A federal court jury in Texas found Yolanda Hamilton, MD, guilty of participating in a $16 million Medicare fraud scheme in which she signed false plans of care and other medical documents related to purported home health services.
Following a 6-day trial, Hamilton, 56, the owner and operator of HMS Health and Wellness Center in Houston, was convicted of one count of conspiracy to commit healthcare fraud, one count of conspiracy to solicit and receive healthcare kickbacks, and two counts of false statements related to healthcare matters.
Hamilton ― who specializes in gastroenterology and internal medicine ― is expected to be sentenced before US District Judge Keith P. Ellison of the Southern District of Texas, who presided over the trial. A sentencing date has not been set yet.
Hamilton’s co-conspirators in the fraud scheme, who were not named in a Department of Justice news release or in the indictment against her, evidently included owners of at least four home health agencies (HHAs) and the patient marketers they worked with.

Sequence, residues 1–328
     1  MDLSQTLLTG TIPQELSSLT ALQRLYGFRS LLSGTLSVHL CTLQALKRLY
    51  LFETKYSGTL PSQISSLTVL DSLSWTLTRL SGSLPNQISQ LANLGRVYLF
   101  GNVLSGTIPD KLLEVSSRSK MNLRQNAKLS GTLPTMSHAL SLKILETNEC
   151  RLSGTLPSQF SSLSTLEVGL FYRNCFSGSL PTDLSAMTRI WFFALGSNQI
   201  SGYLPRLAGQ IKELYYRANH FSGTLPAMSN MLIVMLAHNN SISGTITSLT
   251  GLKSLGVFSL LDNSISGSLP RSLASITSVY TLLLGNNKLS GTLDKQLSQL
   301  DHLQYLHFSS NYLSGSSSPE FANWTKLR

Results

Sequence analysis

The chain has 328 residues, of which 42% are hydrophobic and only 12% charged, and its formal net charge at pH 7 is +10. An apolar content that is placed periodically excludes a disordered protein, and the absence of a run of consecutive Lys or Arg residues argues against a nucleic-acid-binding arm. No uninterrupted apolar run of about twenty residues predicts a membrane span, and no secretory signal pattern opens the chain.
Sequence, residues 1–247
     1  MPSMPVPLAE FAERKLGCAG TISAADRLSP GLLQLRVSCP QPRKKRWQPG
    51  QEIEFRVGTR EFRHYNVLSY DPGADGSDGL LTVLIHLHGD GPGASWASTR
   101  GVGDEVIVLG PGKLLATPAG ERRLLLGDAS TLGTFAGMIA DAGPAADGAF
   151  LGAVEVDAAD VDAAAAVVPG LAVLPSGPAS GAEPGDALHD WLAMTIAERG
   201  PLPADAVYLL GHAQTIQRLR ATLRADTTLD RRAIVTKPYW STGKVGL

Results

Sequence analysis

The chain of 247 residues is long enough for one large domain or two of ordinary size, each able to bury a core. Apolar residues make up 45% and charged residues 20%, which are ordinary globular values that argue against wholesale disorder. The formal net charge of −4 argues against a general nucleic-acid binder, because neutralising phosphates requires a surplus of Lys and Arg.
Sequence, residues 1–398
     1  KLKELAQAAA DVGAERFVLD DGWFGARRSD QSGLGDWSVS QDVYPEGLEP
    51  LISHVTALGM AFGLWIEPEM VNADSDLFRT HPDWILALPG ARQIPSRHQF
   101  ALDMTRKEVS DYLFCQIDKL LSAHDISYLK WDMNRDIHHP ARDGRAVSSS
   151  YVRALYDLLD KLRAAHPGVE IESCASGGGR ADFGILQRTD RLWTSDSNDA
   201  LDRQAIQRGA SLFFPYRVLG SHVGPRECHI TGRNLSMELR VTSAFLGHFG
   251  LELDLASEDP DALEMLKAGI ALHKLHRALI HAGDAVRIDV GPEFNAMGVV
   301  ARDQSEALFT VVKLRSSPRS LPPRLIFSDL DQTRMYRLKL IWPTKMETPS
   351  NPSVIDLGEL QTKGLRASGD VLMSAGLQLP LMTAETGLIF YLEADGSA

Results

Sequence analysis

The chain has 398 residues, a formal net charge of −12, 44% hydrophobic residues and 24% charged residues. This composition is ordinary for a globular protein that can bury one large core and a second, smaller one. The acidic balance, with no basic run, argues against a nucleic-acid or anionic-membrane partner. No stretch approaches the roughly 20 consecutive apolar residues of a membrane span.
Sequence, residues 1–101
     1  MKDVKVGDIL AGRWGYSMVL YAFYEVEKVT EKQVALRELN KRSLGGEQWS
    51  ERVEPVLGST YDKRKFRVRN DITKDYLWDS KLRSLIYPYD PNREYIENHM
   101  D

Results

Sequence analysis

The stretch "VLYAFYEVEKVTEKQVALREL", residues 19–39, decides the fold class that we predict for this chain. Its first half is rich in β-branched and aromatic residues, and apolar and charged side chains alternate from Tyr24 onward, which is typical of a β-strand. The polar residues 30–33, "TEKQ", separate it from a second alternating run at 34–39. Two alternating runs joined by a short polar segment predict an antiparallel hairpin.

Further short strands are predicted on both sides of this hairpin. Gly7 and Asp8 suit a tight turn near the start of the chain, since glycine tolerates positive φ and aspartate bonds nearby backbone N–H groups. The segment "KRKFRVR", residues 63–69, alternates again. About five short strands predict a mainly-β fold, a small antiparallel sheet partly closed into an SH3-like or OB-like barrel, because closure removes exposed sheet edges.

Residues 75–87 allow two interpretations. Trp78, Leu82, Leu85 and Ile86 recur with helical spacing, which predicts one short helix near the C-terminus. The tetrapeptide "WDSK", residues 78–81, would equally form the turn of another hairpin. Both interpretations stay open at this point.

Between January 2012 and August 2016, according to the news release and the indictment, Hamilton saw Medicare patients referred to her by the HHAs and certified or recertified home health services for them.
She signed plans of care that made it appear that these patients needed home health services even if those services were not medically necessary, not provided, or both. She also ordered medically unnecessary tests for some patients.
Hamilton charged a $60 fee for each home health certification. Although she claimed this was a patient copay, the evidence shows that she knew that the HHAs frequently paid the fee, the news release said. Therefore, she was charged with making illegal kickbacks for referrals to the home care agencies.
According to the indictment, the HHAs worked with patient recruiters or marketers who directed Medicare beneficiaries and dual Medicare/Medicaid beneficiaries to visit HMS Health and Wellness Center to be certified and recertified for home health services.
“The owners of HHAs, as well as the marketers working with them, often paid patients to sign up, and remain with, an HHA for purported home-health services,” the indictment stated.
During the 4-year period, Hamilton submitted $2.8 million in Part B claims to Medicare for certifying and recertifying the patients for home care. Medicare paid her $275,000 on those claims. The HHAs submitted $13.8 million in home health service claims on which Hamilton was listed as the attending physician.
Hamilton’s practice did not respond to a request for comment.